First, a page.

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Hit or myth?

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Sometimes people in the military have interesting beliefs about things that impact their finances. Sometimes they’re correct; sometimes they’re partially true; and sometimes they’re just flat wrong. Check out the statements below – hit or myth?

“Shopping around for a loan will kill my credit score.”
This one is a myth – sometimes. When you apply for or inquire about getting a loan, a lender will request a copy of your credit score from the major credit bureaus (that’s called a hard inquiry.) And usually, each hard inquiry will cause a small reduction in your credit score because it can be a sign that you have taken on a new debt that hasn’t shown up yet on your credit report – which would make you more of a credit risk. But, the major credit bureaus and their score providers have made an exception if you’re shopping for an auto, home, or student loan. In that case, they treat multiple hard inquiries within a short period (it varies from 14 to 45 days) as a single inquiry, since they understand you’re just looking for the best deal, not planning to take out ten new loans. So, shopping around for a few weeks for a car, home, or student loan shouldn’t have much effect on your credit score.

“If I buy something, I am guaranteed a 36-hour “cooling-off period” where I can change my mind and cancel the deal.”
This one is mostly a myth but there are a few transactions that may have a cooling-off period. The Federal Trade Commission’s Cooling-Off Rule generally gives you three days to cancel purchases of $25 or more if the sale was made at your home, workplace, or dormitory, or at facilities rented by the seller on a temporary or short-term basis, such as hotel rooms, convention centers, fairgrounds, and restaurants. Federal law also provides limited cancellation rights for some types of mortgage loans and student loans, and state law in some states might have cooling-off periods relating to real estate deals, such as apartment leases.
In the vast majority of cases, though, once you’ve bought it, it’s yours right away and there’s no going back in a few days and saying “I’ve changed my mind.”

“I have to be behind on my mortgage payments before I can apply for a loan modification or short sale on my house.”
If you’re in the military, this is now a myth in many cases. The Department of the Treasury, the Federal Housing Finance Agency, and the government-sponsored enterprises Fannie Mae and Freddie Mac have all changed their guidance to say that a military permanent-change-of-station move qualifies you to apply for a loan modification or short sale even if you’re not behind on your mortgage payments. Be sure to mention your military status and PCS orders when you talk to your lender!

“If I enter active duty with student loans, the thing to do is ask for a military deferment on the loans so I don’t have to pay.”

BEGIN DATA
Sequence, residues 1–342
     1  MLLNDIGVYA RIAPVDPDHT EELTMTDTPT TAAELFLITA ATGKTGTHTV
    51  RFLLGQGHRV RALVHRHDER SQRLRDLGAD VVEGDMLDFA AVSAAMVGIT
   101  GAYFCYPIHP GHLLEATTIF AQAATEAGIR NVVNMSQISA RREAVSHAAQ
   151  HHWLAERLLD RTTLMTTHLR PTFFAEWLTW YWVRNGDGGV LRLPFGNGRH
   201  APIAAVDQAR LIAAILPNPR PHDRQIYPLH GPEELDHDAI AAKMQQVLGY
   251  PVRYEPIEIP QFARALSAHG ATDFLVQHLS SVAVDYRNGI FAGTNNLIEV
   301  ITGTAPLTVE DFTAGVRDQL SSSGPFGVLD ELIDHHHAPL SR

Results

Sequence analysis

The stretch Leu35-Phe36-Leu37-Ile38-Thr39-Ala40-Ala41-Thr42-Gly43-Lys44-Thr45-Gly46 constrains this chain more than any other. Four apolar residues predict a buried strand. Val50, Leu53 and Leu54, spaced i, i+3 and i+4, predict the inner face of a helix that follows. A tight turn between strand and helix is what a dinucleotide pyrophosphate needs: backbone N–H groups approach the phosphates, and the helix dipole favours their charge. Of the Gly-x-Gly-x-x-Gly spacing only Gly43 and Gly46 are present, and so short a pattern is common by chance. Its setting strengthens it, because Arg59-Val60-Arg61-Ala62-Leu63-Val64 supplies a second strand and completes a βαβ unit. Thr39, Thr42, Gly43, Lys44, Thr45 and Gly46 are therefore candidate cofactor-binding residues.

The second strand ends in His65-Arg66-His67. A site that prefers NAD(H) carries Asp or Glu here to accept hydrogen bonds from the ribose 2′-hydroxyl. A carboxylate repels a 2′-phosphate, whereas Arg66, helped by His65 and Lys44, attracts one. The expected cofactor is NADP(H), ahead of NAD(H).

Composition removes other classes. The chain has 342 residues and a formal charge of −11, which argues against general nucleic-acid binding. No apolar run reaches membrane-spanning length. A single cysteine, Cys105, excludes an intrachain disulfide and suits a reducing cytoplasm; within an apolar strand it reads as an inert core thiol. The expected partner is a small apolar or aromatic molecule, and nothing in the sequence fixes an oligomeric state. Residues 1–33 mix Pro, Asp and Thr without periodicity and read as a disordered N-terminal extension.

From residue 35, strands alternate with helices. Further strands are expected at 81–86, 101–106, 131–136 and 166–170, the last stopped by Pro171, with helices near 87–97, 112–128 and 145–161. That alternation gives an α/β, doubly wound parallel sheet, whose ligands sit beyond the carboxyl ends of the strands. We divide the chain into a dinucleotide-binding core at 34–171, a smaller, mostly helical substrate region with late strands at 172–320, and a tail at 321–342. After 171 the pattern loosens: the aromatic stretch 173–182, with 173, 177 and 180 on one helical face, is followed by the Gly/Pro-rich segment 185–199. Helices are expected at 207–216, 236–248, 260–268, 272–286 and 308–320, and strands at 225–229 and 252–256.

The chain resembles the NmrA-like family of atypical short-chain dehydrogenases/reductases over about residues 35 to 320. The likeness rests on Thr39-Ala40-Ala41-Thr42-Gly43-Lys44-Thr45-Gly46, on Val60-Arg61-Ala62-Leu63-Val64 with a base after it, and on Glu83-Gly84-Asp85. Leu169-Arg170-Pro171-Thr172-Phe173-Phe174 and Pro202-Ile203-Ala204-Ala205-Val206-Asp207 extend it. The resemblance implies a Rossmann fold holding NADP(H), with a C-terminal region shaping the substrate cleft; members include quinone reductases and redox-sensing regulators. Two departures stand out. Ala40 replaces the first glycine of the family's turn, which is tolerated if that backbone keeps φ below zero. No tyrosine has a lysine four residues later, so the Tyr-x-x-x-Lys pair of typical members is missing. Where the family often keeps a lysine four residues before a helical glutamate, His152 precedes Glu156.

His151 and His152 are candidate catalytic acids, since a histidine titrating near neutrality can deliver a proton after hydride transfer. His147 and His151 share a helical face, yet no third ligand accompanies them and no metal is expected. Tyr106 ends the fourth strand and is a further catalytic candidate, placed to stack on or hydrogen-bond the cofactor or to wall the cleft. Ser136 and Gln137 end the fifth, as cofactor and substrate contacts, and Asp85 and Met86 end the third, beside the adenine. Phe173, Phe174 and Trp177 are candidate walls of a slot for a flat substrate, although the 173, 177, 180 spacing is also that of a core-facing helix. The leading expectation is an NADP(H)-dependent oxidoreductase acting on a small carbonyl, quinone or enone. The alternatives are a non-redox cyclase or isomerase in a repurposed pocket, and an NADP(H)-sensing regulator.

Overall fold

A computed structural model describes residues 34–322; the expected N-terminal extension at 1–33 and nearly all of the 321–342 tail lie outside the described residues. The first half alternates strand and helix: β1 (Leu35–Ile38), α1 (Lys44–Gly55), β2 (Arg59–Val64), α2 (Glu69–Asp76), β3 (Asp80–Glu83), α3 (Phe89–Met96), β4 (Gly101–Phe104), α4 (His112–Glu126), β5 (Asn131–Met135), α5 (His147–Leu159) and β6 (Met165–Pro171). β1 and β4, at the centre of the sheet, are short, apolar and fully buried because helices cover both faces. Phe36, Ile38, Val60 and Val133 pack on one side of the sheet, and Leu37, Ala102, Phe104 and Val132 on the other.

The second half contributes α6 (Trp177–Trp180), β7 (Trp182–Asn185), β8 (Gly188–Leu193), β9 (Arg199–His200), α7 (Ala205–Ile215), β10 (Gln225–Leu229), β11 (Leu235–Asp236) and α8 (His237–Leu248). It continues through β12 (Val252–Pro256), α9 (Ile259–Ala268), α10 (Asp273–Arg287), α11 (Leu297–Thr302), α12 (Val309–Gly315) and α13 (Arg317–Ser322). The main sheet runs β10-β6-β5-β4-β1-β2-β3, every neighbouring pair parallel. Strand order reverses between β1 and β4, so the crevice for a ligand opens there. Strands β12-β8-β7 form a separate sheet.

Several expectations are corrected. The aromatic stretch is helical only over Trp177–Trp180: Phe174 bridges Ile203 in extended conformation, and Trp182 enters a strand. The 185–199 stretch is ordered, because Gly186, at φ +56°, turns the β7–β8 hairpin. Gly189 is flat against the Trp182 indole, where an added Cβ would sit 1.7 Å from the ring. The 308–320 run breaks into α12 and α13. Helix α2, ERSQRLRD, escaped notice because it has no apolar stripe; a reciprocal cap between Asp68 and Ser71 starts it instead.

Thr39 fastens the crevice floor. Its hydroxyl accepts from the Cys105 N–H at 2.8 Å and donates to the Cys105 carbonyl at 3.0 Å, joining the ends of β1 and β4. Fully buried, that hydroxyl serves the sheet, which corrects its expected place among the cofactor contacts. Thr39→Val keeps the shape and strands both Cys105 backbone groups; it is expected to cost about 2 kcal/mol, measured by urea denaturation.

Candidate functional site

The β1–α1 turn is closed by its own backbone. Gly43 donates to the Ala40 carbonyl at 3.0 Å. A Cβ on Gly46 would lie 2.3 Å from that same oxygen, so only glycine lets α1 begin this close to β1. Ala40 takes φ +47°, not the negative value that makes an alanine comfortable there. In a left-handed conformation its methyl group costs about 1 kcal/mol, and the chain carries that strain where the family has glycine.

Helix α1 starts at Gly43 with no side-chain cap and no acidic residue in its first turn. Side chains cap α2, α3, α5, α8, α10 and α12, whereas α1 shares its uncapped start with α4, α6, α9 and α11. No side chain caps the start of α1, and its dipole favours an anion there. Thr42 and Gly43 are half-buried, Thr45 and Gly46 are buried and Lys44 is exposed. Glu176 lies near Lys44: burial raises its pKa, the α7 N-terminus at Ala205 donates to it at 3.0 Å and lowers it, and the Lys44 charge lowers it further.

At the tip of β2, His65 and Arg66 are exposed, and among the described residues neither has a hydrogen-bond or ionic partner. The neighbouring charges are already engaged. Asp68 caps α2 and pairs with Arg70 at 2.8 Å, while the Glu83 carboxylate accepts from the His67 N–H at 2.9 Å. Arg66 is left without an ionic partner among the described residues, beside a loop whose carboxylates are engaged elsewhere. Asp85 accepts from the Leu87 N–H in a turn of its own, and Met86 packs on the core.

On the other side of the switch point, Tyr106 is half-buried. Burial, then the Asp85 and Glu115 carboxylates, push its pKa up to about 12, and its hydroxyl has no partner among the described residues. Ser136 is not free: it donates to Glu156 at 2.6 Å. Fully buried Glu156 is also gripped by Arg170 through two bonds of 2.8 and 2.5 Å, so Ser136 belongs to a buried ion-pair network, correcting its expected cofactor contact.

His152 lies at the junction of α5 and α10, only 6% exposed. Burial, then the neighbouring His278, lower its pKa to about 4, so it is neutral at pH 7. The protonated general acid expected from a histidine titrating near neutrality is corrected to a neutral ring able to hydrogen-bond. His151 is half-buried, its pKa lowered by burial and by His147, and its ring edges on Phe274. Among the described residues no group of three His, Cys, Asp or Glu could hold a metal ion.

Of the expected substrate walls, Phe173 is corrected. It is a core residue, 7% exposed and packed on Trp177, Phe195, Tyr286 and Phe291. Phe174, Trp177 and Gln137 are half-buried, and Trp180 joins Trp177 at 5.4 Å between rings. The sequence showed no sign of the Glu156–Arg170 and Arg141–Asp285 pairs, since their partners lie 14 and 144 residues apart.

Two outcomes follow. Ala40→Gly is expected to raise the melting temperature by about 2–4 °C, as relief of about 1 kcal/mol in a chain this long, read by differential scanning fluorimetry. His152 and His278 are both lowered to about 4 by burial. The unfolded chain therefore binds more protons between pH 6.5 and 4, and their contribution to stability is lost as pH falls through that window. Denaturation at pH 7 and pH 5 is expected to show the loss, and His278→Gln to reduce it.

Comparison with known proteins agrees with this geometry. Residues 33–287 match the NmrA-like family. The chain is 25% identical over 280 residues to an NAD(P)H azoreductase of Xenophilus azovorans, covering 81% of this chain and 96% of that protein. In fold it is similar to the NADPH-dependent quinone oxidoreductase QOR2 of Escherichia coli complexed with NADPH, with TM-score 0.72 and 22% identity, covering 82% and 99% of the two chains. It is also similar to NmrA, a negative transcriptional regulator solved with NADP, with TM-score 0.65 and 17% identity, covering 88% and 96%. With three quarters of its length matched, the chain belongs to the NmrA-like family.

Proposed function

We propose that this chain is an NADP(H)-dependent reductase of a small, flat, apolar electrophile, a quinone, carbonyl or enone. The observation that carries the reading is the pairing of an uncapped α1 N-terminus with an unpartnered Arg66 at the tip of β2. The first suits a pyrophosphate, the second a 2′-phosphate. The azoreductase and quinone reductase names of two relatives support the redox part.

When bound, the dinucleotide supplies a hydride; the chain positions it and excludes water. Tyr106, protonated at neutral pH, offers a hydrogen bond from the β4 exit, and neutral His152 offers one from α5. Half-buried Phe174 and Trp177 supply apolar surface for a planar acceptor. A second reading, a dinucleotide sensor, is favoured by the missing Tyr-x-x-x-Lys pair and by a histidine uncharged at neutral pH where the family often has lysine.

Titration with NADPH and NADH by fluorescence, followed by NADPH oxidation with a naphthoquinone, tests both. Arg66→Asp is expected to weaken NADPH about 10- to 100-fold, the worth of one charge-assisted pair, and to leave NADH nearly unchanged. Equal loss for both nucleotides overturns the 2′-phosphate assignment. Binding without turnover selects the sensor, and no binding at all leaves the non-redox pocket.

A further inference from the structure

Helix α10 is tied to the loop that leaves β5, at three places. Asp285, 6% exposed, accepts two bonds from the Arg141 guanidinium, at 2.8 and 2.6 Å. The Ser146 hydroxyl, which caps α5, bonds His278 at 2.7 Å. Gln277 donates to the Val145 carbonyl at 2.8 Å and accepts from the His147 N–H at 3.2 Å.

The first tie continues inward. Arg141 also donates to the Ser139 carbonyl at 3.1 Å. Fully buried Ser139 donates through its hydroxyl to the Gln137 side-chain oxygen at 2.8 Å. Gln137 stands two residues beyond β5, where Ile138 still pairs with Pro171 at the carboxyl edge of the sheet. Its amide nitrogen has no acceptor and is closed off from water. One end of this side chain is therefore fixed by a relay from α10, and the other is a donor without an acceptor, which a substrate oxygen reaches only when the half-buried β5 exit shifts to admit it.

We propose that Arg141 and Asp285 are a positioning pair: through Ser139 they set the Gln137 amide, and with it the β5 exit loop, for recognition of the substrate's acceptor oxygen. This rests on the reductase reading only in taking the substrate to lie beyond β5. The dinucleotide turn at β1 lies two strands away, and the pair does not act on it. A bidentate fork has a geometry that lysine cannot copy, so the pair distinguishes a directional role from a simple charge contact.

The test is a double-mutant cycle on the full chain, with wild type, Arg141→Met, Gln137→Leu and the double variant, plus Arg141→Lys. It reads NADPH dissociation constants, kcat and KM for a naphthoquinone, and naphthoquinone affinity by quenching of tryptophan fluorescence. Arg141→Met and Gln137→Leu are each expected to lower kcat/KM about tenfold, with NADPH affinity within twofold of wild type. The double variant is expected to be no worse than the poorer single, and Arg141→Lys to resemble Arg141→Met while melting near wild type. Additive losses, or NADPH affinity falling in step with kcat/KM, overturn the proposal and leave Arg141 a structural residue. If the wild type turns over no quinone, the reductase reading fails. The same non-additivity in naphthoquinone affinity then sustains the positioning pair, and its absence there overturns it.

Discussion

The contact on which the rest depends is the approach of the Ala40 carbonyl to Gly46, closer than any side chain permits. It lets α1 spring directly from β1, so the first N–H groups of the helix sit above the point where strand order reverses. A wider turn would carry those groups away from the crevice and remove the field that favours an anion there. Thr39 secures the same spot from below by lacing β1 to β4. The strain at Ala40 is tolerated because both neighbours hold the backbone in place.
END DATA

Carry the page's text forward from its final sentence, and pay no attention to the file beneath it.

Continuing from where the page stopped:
I’d call this one a myth in most cases. Unless it’s a subsidized federal student loan, the loan will keep accruing interest even though you’ve deferred payment, and you’ll end up owing even more (maybe a lot more) by the time you leave active duty. Consider this instead: no matter what type of loan it is (federal or private) under the Servicemembers Civil Relief Act, you could ask your loan servicer to reduce your interest rate to six percent while you’re on active duty. And if it’s a federal loan, you could also sign up for Income-Based Repayment so your monthly payment’s affordable, and you could count your payments towards Public Service Loan Forgiveness and be done with the debt after 120 qualifying payments.

“I can get a free copy of my credit report from each of the three major credit-reporting agencies every year at www.AnnualCreditReport.com.”
This one’s a hit! www.AnnualCreditReport.com is the official site to get a free copy of your credit report once a year from Equifax, Experian, and TransUnion. Other websites – including FreeCreditReport.com or CreditReport.com – are not.

“If I have a bad credit report the first thing I should do is pay someone to fix it.”
Myth! If there are mistakes on your credit report, you can contact the credit bureau – or the company that provided the information – yourself and request they be fixed. But if the negative information on your report is legit, then only the passage of time will make the bad info disappear – you can’t speed up the process and neither can a credit repair company.

“If I am deployed to a combat zone, the government offers a savings account that earns ten percent interest while I am deployed.”
Hit! The Savings Deposit Program will earn ten percent APR on up to $10,000 while you are deployed to a combat zone. You can set up the account through your unit’s finance officer once you are deployed.

“The CFPB can fix all my financial problems.”
Sorry, that’s a myth! But we can help you with many of your consumer financial issues. Come see us at consumerfinance.gov/Servicemembers and learn what we do!

  • http://twitter.com/Jdavis55 Judy Davis

    Great to the point info that we all need!! Thanks for sharing!

  • old banker

    I think you mean “APY” not APR for the Savings Deposit Program.

  • hands off my 401k

    is it true you are trying to take over everyone’s 401k ?

  • http://www.visionetsystems.com/mortgage-recording.html mortgage recording services

    Basic information for a new borrower. Govt will not repay it but can help you in financial issues. It is the lender to who you should ask to reduce your interest rate to six percent while you’re on active duty

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